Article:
Inside Info on Agents & Publishers
Many agents, editors, and publishers are very active on Twitter. As you're doing research before sending a query or submitting your work, it's a great idea to check out their Twitter account first. This will give you a better sense of their communication style and personality, and you may find out more specific information about what they're looking for, the opening or closing of a submission window, how actively they're seeking new clients/authors, and whether you have interests in common that might help you personalize your query letter in a way that will catch their attention. In an era where there are so many agents and publishers to choose from, and so many writers trying to find someone to publish their work, having access to more information during the querying process can only be a good thing.
The #MSWL hashtag is a great starting point for any writer trying to figure out which agents or editors to submit their work to (a hashtag is something people include in their tweets, or posts on Twitter, to make them easily searchable). It stands for "Manuscript Wishlist," and agents and editors use it to post about what kind of manuscripts they're looking for at a given time, or to post a link to an updated blog or website where they've shared their interests. Sometimes the posts are pretty generic, such as "I'm looking for character-driven women's fiction." But they can also be really detailed, like asking for a retelling of a specific fairy tale from a certain point of view or in a particular setting. You never know, you might find out your project is exactly what an agent or editor is looking for!
Every once in a while there is a specific #MSWL day, where many agents and editors post about what they're looking for throughout the day. The best part about catching one of these days is that if you query someone based on one of their #MSWL posts, they may specify that you should include #MSWL in the subject line of your e-mail, which could move your query to the top of the slush pile.
Please note, the #MSWL hashtag is only for agents and editors to use, writers using it to promote their work are not well-received.
This hashtag also inspired a website that's worth checking out: http://manuscriptwishlist.com/
Some agents take the time to do #tenqueries on Twitter, where they go through 10 queries in their inbox and post a brief comment on each. This can be especially helpful if an agent you're interested in querying has done #tenqueries to see what they're looking for and what they consider to be turn-offs in query letters. But it's also helpful in general to get a sense for how agents approach their slush piles and glean some query tips.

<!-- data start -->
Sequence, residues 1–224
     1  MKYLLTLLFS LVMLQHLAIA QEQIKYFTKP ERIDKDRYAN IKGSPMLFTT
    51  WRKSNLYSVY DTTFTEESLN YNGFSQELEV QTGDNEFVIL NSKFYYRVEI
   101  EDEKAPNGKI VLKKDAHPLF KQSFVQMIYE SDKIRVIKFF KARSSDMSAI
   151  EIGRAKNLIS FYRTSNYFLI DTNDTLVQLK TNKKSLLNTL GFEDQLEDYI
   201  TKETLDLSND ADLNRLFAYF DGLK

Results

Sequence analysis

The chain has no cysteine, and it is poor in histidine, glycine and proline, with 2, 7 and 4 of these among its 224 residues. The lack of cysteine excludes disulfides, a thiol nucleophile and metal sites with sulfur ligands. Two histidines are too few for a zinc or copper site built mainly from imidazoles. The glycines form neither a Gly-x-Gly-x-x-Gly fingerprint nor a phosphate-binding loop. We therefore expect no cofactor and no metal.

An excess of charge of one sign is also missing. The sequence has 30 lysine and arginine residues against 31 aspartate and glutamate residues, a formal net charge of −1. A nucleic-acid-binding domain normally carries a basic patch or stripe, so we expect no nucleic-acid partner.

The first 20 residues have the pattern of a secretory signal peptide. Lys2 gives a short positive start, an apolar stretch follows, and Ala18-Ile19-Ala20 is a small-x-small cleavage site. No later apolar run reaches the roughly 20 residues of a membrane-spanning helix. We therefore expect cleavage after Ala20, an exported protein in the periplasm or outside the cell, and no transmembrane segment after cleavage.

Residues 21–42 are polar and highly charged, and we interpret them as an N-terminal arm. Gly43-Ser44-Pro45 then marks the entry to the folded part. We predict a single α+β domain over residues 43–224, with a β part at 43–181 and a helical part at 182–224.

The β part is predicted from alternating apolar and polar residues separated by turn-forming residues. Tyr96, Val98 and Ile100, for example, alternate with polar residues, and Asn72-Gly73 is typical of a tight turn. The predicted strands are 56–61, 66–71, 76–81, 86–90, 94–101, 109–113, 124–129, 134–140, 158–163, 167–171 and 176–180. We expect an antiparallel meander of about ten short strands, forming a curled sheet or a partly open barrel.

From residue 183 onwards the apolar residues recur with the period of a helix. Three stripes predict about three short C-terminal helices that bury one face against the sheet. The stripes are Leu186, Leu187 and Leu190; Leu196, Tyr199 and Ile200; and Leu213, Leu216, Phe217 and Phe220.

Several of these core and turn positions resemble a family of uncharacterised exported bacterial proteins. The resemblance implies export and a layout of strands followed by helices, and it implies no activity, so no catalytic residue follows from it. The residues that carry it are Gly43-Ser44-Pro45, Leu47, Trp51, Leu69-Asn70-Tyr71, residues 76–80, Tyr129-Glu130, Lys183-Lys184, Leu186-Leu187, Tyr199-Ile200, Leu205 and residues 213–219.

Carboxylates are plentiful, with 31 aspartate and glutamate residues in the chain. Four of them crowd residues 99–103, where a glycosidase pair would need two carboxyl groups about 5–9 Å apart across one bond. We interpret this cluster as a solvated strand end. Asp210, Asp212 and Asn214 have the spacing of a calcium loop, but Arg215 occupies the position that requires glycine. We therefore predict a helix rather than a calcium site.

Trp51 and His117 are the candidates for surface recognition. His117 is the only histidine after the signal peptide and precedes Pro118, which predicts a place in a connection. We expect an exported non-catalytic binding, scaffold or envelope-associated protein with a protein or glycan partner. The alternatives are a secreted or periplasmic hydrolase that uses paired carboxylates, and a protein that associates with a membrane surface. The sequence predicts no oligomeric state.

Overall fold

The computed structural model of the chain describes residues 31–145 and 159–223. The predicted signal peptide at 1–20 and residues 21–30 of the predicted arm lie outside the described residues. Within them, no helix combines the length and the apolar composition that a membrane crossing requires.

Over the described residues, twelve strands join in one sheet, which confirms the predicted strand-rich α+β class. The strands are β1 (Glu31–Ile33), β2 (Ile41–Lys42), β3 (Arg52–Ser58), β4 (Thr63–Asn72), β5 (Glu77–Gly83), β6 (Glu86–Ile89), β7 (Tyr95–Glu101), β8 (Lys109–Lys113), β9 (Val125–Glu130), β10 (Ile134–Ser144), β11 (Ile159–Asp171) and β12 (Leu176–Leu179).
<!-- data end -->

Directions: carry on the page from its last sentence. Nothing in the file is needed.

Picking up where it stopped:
While #tenqueries is the most common hashtag used, some agents do something similar using a different hashtag. For instance, agent Laura Zats at Red Sofa Literary provides a lot of helpful and entertaining query advice using the hashtags #500queries and #everyquery.
Note that these hashtags are also only meant for agent and editor use, not for writers wanting to pitch their work.
There are many query contests out there, all set up a little differently, so I can only speak generally on this one. The contests I can list off the top of my head are: Query Kombat (hosted by Michelle Hauck and Michael Anthony), Sun vs Snow (hosted by Amy Trueblood and Michelle Hauck), Pitch Madness (hosted by Brenda Drake), Pitch Wars (hosted by Brenda Drake), and Pitch Slam (hosted by L.L. McKinney), but there are many others! Most are open to all genres, but some are more specific.
The basic way these contests work is you first figure out what you need for your submission. Typically it's some kind of pitch for your project (something like a short, one-line pitch or your entire query letter), and a short excerpt from the opening of your story. Most of these contests have limits on how many submissions they'll accept, and they tend to fill up fast (the contest I entered closed within a matter of minutes), so I would recommend that you have your e-mail ready to send as soon as the submission window opens.
Once the submissions are in, usually there are multiple people running the contest who review all the entries and pick their teams. After the teams are announced, there is generally a mentor round, where experienced writers review the chosen entries and give the writers feedback. The writers have a chance to make revisions, then the updated submissions are posted on a blog or website, where agents can review them and make requests.